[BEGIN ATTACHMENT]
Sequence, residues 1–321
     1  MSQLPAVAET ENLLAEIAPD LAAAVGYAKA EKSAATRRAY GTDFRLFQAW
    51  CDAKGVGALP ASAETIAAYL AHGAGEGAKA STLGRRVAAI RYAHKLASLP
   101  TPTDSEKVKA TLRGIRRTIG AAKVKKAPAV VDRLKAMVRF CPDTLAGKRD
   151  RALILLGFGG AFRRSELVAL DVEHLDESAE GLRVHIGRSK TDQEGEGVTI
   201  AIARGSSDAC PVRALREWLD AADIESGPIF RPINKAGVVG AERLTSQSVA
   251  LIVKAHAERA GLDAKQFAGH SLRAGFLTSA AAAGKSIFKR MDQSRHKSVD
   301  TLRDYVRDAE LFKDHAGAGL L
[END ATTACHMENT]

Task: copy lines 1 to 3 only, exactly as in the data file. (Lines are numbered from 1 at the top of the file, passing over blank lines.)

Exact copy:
Sequence, residues 1–321
     1  MSQLPAVAET ENLLAEIAPD LAAAVGYAKA EKSAATRRAY GTDFRLFQAW
    51  CDAKGVGALP ASAETIAAYL AHGAGEGAKA STLGRRVAAI RYAHKLASLP